Indigenous retailer Chelsee-Marie Pettit was startled recently when customers at Toronto’s Stackt Market asked her where she donates the proceeds from her business.
The question was “just crazy” because Indigenous businesses are not charities, says Pettit, founder of aaniin retail inc., a streetwear company.
Her store is like a miniature department store for Indigenous-owned brands. Aaniin means hello in anishnaabemowin, the language of Ojibwe. Pettit is an Anishinaabe member of Aamjiwnaang First Nation.
By the new year, Pettit says she’ll be selling exclusively online.
It’s hard. She says she put up her own money to start her business and now she’s saddled with significant personal debt. But Pettit’s dream is still to run Canada’s first department store that’s Indigenous owned.
“There’s a fire under me that feels like other big brands would be able to start doing what I’m doing and take the credit away from Indigenous hands and make it a part of their businesses,” she says.
Ontario has 3,526 Indigenous-owned businesses, yet the businesses make up only 0.7 percent of ownership share in the province, according to the Ontario Chamber of Commerce.
Pettit isn’t the only one who says Indigenous entrepreneurs face barriers doing business in Toronto — from high overhead costs and a lack of access to capital and affordable real estate to misconceptions around cultural appropriation versus appreciation.
But despite the barriers, some say a program that’s focused on training Indigenous entrepreneurs is making all the difference.
“One of the primary challenges Indigenous businesses in Toronto face is the scarcity of accessible real estate,” says Raven Sutherland, marketing and events co-ordinator for aaniin retail inc.
“Much of the prime commercial space is privately owned, making it difficult for Indigenous entrepreneurs to secure locations in high-traffic areas that are crucial for business visibility and customer access.”
Reconciliation means opportunities, entrepreneur says
Sutherland said there is a problem with “capital constraints,” meaning Indigenous business owners often find they have to “bootstrap” their enterprises. That means relying heavily on personal finances to start and sustain their businesses, which is risky.
“As a result, many Indigenous businesses operate in a constant state of ‘survival mode,’ striving to overcome these barriers to achieve stability and growth,” she said.
Sutherland said an ability to adapt and find creative solutions is key, along with mentorship and collaboration from the Indigenous community in Toronto. Strategic planning, such as market research and financial management, is also crucial.
To ensure “profits remain within the Indigenous community,” she said Indigenous ownership needs to be prioritized.
“Maintaining control over our businesses and equity is crucial, rather than relying on outside capital from non-Indigenous investors,” she said. “This approach empowers our community economically and preserves our autonomy.”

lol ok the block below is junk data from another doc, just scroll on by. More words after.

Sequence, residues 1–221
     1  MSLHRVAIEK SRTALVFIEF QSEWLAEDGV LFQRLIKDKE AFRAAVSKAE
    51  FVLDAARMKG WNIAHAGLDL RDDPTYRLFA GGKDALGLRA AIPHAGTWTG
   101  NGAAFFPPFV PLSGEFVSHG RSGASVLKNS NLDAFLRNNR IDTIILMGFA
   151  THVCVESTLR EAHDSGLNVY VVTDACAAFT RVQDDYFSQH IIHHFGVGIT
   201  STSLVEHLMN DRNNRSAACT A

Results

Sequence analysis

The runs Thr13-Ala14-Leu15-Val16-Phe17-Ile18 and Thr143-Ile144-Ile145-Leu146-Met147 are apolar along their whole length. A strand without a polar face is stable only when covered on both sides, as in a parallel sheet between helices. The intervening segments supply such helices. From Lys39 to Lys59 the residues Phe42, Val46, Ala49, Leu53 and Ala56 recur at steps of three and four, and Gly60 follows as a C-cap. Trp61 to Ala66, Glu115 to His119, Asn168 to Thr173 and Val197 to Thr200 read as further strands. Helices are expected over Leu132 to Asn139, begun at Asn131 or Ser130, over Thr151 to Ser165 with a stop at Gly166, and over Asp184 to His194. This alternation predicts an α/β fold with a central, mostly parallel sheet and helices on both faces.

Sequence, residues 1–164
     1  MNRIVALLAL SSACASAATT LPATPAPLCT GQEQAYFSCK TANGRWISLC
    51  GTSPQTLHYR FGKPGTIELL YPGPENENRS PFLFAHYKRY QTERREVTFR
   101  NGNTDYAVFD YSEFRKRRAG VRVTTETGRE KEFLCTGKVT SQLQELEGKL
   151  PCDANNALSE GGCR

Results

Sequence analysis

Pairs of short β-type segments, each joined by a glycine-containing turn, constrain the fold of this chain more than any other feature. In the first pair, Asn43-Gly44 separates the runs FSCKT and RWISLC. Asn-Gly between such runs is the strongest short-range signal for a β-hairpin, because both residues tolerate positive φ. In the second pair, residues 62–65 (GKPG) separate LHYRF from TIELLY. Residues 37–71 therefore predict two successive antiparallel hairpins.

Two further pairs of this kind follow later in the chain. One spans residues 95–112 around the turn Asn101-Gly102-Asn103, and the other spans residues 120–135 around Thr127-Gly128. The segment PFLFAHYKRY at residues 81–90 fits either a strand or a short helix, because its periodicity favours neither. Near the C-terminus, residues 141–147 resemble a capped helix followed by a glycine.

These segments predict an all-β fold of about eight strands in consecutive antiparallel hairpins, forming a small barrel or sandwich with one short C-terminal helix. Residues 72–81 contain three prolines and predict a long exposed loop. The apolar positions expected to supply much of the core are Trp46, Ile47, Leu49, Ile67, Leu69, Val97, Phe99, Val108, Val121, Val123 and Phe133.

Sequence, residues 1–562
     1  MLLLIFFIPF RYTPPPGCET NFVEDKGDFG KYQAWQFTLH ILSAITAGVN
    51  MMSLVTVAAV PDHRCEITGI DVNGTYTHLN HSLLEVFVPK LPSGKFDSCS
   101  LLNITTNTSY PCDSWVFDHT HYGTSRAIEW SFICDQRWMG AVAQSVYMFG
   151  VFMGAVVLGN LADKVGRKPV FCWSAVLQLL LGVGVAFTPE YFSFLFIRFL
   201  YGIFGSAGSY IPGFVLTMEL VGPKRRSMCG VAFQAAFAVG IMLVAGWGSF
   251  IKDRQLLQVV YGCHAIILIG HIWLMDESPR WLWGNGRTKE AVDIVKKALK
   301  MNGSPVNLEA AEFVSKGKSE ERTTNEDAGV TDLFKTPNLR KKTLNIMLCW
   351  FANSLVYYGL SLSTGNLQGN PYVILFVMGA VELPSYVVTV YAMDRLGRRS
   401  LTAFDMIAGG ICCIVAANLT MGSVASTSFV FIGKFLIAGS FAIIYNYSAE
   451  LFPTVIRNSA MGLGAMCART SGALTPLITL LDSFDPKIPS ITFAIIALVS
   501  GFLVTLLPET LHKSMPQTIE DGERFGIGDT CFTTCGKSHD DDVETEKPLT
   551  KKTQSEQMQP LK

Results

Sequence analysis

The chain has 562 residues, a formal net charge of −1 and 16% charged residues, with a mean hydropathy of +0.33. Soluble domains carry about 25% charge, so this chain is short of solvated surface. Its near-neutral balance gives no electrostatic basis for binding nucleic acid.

Pettit says true reconciliation means Indigenous people owning their own companies and having opportunities to thrive. She says she’s stayed in business thanks to her own persistence.
Joseph Sagaj, an Anishinaabe artist whose artwork can be seen on the Toronto sign at Nathan Phillips Square, credits the Aboriginal BEST program at the Native Canadian Centre of Toronto (NCCT) in part for his success.
‘I pursued my dream,’ Indigenous artist says
Sagaj says the BEST program, which stands for business and entrepreneurship skills training, helped him hone his business skills, from inventory to bookkeeping, marketing to customer service. Sagaj is of the Sturgeon Clan and from the community of Neskantaga in Northern Ontario.
“I pursued my dream,” said Sagaj, who showed off a t-shirt he designed with the word, Spirit, on it, that’s for sale at the Cedar Basket Gift Shop. “I came here probably in 2018 and literally it was one of the best programs I’ve taken. It really taught me how to strategize more effectively in mainstream society.”
Sagaj says he started selling his designs at powwows then at conferences and events. Now, he has done private and public commissions, designed logos and illustrations, painted murals and done acrylic painting projects.
“I come from a very small reserve in northern Ontario of 300 people,” he said. “When you are put in a situation where there are four million people, with different behaviours and different interests, you have to learn how to market and market yourself.”
More than 250 people have participated in the BEST program since 2018, according to Zechariah James, social enterprises manager for the NCCT.
Many Indigenous businesses are home based
James says the program has helped more than 150 entrepreneurs start new businesses in jewelry making, clothing design, painting, health care, and IT — many of which are run out of people’s homes.
“It’s an excellent time of year to think about supporting more Indigenous businesses,” James said.
“We often get the question: ‘Can I wear indigenous-crafted jewelry or earrings? Is it appropriate for me to do so?’ Yes, absolutely it is.”
For Indigenous people dreaming of running their own business, Pettit has some advice: “If you think you have a good idea, you definitely do, just get started. You are the only one who’s ever going to make it happen.”